Mar 18, 2011, 7:10 AM EST
When a key player goes down with an injury, it’s a tough thing to take for fans and players on the affected team alike. Sure, injuries are just a part of the game, but losing a captain or scoring leader (or even a lesser-known faceoff and defensive specialist) can be a big blow on the ice and in the locker room.
As rough as that can be, it’s easy to forget a simple silver lining: an injured player gets the chance to rest. Steven Ovadia brings up this hypothesis in a provocative column today: could rest related to injuries actually become a “secret weapon” for Sidney Crosby, Chris Pronger and even Zach Parise?
It’s true that Crosby and Parise are among the fittest athletes in hockey while Chris Pronger shows year after year that he can carry teams on his back for half a game during the playoffs, so one can safely assume they would prefer to play. Yet if you set aside the fact that they’ll obviously need to shake off some rust – not to mention that each one of them still is far from certain to return – all three could benefit greatly from this time off.
Here’s a quick look at how each one would benefit.
Why the rest could be good for Crosby.
Naturally, concussions are a complicated matter, so there’s no telling if Crosby will be back. And if so, he might not be as comfortable going into those areas around the net where he scores a surprising amount of “dirty” goals.
Assuming for a second that he would be at-or-near full strength, Crosby could gain a lot from the time off. Let’s not forget that the 23-year-old phenom has a lot of mileage on his skates for a player his age. The Pittsburgh Penguins played until the last game of the season two years in a row and then made it to a seventh game in the second round in 2010. When you combine those playoff runs with what must have been a whirlwind 2010 Vancouver Olympics, Crosby’s last three or so seasons would be a full career for most players.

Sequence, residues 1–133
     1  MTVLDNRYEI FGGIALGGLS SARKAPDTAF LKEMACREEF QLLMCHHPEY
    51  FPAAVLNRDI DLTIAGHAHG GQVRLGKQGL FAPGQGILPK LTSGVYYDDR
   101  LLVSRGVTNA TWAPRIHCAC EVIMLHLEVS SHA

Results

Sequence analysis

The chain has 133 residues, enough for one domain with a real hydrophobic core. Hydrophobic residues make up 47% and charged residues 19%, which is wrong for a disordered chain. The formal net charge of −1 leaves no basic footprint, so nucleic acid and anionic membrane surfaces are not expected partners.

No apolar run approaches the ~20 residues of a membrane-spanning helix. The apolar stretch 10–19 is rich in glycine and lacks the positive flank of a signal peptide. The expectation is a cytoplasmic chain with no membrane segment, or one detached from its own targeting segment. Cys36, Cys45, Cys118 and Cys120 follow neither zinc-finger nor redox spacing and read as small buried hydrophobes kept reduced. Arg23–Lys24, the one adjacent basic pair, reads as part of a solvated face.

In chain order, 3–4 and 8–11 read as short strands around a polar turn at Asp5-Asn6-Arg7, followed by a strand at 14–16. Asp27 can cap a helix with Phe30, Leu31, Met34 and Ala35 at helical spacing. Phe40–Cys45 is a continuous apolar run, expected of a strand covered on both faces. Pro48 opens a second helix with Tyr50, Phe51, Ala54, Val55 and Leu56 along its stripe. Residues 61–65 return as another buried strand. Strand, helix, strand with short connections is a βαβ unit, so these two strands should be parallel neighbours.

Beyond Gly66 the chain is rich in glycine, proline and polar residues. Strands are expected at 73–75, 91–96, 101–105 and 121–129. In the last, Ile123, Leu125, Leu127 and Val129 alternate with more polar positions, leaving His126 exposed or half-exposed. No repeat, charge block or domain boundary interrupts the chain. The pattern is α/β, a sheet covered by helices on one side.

Perks for Pronger.
Pronger’s been limited to 50 games this season, but he didn’t miss a game the previous two seasons and averaged 29 minutes per game in the Flyers’ playoff run in 2010. When you consider Pronger’s size, age (35) and physical style, a little breather might allow him to shoulder another extensive workload as Philadelphia readies themselves for another Cup attempt.
Setting a price for Parise.
Now, it’s a long shot that Parise will play and the Devils will make the playoffs, but imagine if that happened. After New Jersey reaped the rewards of signing him to a thrifty $3.1 million annual cap hit for his current contract, Parise hasn’t had much of a chance to make a strong final impression that he deserves a Kovalchukian deal.
In fact, the Devils might balk to his X-rays at the negotiating table, if they’re feeling especially brutal.
Yet if the Devils did make the playoffs, Parise could either anchor his own line or ride shotgun with Ilya Kovalchuk. The team leans on Kovalchuk for a huge chunk of its offense, so adding Parise to the fold could provide a considerable boost.
It could also give Parise’s bank account quite the boost.
Now, don’t get me wrong, no one should root for their best players to get injured. Even for a brief period of time.
Yet if you’re an optimist – and to some extent, a realist – it’s clear that there could be a silver lining. Maybe the human body isn’t meant to withstand 82 games of hockey, so getting a breather before the playoffs (or in Parise’s case, most of the season off) has its pluses.
Although Crosby’s trophy case will probably beg to differ.
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